Old friends are great, and you might have them for life, but it’s also important to open up to making new friends, especially if you’ve recently switched cities, careers, neighborhoods, or entered into a new relationship where you want to get to know your partner’s crew even better.
However, it can be hard. No longer are the days where mom and dad would set you up for play dates and basically force you to make friends. And we don’t really play with Barbies and board games as we used to, either, which were total icebreakers. So, what’s the best way to make friends as an adult? Here are a few tips from Liz Traines, a life coach in Chicago.
Go to events relative to your hobbies
“From aSweatLife to Chicago Humanities Festival, Chicago Ideas Week, Sofar Sounds, events at EvolveHer, many of these events have an educational component, but also a ‘connect/networking’ component so you can meet like-minded people,” says Traines. A lot of times people go to these events alone, so don’t be afraid to put yourself out there (even though it scares you—it will make you stronger!).
Start or join an interest group at work
“Many different companies are providing budgets to their employees to start groups that engage/improve morale. Group ideas like women’s networking, minority interest, employee wellness, etc. can be really good ways to have more meaningful conversations with people you might already know and can then connect with outside of work,” Traines says.
However, take note that there should be some level of boundaries with these friendships, as you don’t want to over-share or talk negatively about other co-workers or your boss.
Head to the gym and chat
Check out the people in your workout classes for friend potential, says Traines. Anyone you can say hi to? You can strike up a conversation with someone who is taking a class by chatting afterwards by the lockers or in the bathroom. Or if someone is sitting at the juice bar or waiting to lift weights on a certain machine, you might be able to offer a smile and see if they’re interested in talking.
Take a class
“Maybe you’re interested in learning how to play an instrument, draw/paint, comedy, or sew. Spaces like Lill St Studio, Second City, Old Town School of Music, Mac & Cheese Productions, and more are notorious for bringing like-minded people together,” says Traines. Not only will you hone or learn skills, but also you’ll have a great sense of community and can look forward to seeing those people in class and out of class as the relationships develop.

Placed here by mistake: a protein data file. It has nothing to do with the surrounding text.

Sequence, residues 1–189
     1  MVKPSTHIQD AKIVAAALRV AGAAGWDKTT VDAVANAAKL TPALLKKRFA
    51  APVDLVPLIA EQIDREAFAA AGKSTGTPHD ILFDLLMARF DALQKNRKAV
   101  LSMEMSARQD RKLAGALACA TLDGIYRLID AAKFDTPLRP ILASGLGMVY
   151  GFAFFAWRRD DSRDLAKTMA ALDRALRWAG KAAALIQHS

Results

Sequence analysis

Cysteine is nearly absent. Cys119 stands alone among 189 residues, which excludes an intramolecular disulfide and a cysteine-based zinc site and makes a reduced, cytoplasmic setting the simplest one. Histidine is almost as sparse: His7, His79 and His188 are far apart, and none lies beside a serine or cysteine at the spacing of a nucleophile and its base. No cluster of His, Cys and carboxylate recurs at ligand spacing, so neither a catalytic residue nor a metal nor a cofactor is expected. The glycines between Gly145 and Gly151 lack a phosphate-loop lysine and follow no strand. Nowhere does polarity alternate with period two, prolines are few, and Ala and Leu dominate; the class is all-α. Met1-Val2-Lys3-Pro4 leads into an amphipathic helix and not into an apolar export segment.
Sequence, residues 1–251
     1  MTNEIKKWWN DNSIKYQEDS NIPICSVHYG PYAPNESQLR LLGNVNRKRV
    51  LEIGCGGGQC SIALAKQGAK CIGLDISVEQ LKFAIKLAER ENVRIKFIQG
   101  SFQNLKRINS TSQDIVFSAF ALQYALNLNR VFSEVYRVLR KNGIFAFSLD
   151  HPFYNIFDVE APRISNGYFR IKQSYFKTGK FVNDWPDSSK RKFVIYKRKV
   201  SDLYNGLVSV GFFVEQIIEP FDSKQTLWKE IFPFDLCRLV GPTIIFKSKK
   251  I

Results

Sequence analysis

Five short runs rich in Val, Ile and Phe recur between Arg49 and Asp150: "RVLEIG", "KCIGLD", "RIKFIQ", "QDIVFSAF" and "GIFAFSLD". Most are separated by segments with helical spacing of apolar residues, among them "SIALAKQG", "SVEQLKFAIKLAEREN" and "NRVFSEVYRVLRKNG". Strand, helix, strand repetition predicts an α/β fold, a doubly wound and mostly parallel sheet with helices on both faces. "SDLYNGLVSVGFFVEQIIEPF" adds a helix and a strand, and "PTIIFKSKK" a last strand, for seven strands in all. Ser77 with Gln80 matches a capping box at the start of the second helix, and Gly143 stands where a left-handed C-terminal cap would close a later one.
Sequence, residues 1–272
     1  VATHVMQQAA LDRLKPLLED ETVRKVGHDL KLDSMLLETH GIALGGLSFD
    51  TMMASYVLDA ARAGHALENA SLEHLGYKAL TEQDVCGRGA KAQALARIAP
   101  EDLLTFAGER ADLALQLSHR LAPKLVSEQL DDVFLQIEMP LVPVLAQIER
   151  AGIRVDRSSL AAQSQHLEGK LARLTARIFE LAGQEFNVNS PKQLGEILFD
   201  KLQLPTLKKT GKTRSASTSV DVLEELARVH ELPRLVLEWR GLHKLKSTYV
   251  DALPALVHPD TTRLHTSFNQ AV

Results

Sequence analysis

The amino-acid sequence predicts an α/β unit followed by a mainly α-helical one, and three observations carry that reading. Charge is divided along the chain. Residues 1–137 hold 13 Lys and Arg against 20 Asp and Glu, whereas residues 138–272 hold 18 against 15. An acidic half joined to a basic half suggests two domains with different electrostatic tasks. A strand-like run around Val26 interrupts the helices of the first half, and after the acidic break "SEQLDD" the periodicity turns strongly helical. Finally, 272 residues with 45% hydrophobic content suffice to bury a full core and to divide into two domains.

Use Instagram to meet others
“Follow people doing activities you’re interested in/who you vibe with. Reach out and see if they want to grab coffee, a drink, or something else to talk about the topics that resonate most with you,” says Traines.
Or ask them if they know of any cool events going on that you could get in on. Sometimes people post where they’re going to be on their account and this can sometimes feel a little stalker-ish, but when there’s a genuine purpose behind the event, and you’re into it, the mentality is typically the more the merrier, she says.
“I’ve run into people I follow on Instagram at events (that I don’t know IRL) and don’t beat around the bush – I say I learned about it on Insta and am excited to meet them in person – honesty goes a long way (no shame elephants in the room allowed),” she says.
As long as you stay confident and approachable, you’ll be able to vibe well with new people and create some new friendships! It’s all about holding your own in conversation and being genuine. You might just meet your new best friend!